Frederic Bastiat was born 199 years ago this month. If anyone can be described as the guiding spirit of the Foundation for Economic Education, it would be Bastiat. Thanks to the Foundation, his works, The Law, Economic Sophisms, Economic Harmonies, and Selected Essays on Political Economy, have been kept in print. They remain some of the best writing on the workings of the free society and the fallacies of statism, or what he called “legal plunder.”
Bastiat is most famous for his essays defending free international trade, pointing out the unseen harm of intervention, and satirically puncturing statist fallacies. His facility at explaining complex ideas clearly and entertainingly won him plaudits from his intellectual heirs. Henry Hazlitt called him a “master of the reductio ad absurdum.” F. A. Hayek dubbed him a “publicist of genius.” Murray Rothbard said he was “a truly scintillating advocate of an untrammelled free market.”
If one reads only his essays, however, one is in danger of seeing Bastiat as “just” a highly effective economic journalist, although that is no mean feat. The essays are but the tip of the iceberg. Beneath the surface is Bastiat’s comprehensive view of law and political economy, which he did not put in writing until his final days. In Economic Harmonies, Bastiat shows that the question for economists is not: Is there natural beneficent economic regularity? It can’t be doubted! The signs are everywhere! Paris gets fed—everyday!—permitting everyone to enjoy an array of consumer goods that no one person alone could produce in a thousand years. The economist’s job is to explain how that unplanned regularity can exist.
Israel Kirzner, in The Economic Point of View, notes that Bastiat’s approach was not shared by all economists. J. E. Cairnes, for example, thought Bastiat was unscientific because he did not first prove the existence of regularity. For Cairnes, “science has no foregone conclusions.” Kirzner sides with Bastiat: recognition of “the large degree of efficiency empirically evinced by the [market] system . . . hardly deserves the suspect position of a ‘foregone conclusion.’” Did Newton have to ask if objects fall to the ground?
Three decades after his death, Bastiat’s approach was incorporated into Austrian economics. In his magnum opus, Human Action, Ludwig von Mises put himself in the Bastiat tradition when he wrote, “In the course of social events there prevails a regularity of phenomena to which man must adjust his actions if he wishes to succeed.”
Bastiat managed to produce much of his impressive volume of work while battling for freedom in the French National Assembly during the turmoil that began in the revolutionary year of 1848. Gravely ill, he struggled desperately to expose the seductive fallacies of socialism and authoritarianism. He died of tuberculosis in 1850, just before Napoleon III transformed the Second Republic into an empire.
There was no greater champion of liberty. Bastiat’s legacy continues to inspire.
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It is generally thought that the airline industry was deregulated many years ago. This misconception permits people to believe that poor service is what competition has wrought. Robert Poole resolves the paradox.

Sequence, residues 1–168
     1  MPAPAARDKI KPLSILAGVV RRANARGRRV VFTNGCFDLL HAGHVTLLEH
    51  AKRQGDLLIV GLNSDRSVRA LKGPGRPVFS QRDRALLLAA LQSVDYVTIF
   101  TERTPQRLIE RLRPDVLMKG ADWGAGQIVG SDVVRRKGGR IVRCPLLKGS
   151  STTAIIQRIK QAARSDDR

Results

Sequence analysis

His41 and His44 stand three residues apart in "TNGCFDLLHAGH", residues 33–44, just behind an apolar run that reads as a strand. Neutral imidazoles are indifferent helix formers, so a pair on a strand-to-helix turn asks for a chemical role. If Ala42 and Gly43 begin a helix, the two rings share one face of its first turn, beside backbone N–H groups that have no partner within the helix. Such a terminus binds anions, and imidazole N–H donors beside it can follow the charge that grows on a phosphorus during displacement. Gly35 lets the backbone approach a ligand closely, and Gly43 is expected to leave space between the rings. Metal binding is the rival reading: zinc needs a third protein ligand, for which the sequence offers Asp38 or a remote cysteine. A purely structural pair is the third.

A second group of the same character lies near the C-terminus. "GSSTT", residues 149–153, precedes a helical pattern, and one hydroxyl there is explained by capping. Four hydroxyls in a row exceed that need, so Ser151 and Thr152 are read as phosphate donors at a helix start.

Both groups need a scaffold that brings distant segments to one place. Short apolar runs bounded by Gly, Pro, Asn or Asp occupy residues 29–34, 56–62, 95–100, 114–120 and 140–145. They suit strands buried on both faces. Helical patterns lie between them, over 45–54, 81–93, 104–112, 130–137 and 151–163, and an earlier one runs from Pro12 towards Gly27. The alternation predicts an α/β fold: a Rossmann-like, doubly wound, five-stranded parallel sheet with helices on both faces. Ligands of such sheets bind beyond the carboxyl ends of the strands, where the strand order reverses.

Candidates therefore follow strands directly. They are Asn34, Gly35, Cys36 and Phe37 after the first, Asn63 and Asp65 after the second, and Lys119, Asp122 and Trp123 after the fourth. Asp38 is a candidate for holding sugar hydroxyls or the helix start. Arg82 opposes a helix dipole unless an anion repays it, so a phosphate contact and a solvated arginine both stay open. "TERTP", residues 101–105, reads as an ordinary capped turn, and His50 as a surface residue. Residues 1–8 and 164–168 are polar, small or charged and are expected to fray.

Can you tell how much competition there is in an industry by the number of firms? That’s how the lawyers in the Justice Department’s Antitrust Division sort it out. Henry Demmert relates an experience from his days in the division.
A prominent school of constitutional interpretation holds that judges should look to the intent of the framers. Easier said than done, writes Wendy McElroy.
The War on Drugs moves into the realm of free speech with legislation pending in the U.S. Congress. Paul Armentano warns that the First Amendment seems slated to be the next war casualty.
Throughout history, trade and freedom have gone hand in hand because trade is what people do when left alone. Thomas DiLorenzo surveys some of the distinguished people and events in the annals of the free-trade struggle.
The warrior societies of the past did not disprove the natural law that human beings must labor to satisfy their wants. Far from it, as Frederic Bastiat explains in the chapter titled “War” from his treatise, Economic Harmonies, which we reprint in honor of the 199th anniversary of his birth.
Since the marketplace is us, those who complain about capitalism are really complaining not about a system but about free people. Christopher Lingle reinterprets common grievances in that light.
It’s no accident that capitalism evolved at a particular place at a particular time and not in other places. Jim Peron examines the prerequisites for the emergence of freedom.
Most people would agree that no one should be punished for the offenses of another. So why does the law increasingly ignore that principle? Russell Madden ponders the question.
Every religion teaches the Golden Rule. Yet just as commonplace is the disdain for business. William Peterson puzzles at the failure to see the connection between two simple ideas.
In the columns department, Donald Boudreaux takes another look at greed. Lawrence Reed finds some good arguments against taxing electronic commerce. Doug Bandow surveys Kosovo after NATO’s triumph. Dwight Lee says it’s the margin that matters. Mark Skousen delves into the minds of millionaires. Russell Roberts doubts the Garden of Eden is imminent. And William Shughart, also hearing demands for Internet taxation, shouts back, “It Just Ain’t So!”
In the book section, reviewers have perused volumes on foreign policy, Microsoft, harmful humanitarianism, environmental cancer, orphanages, and global capitalism.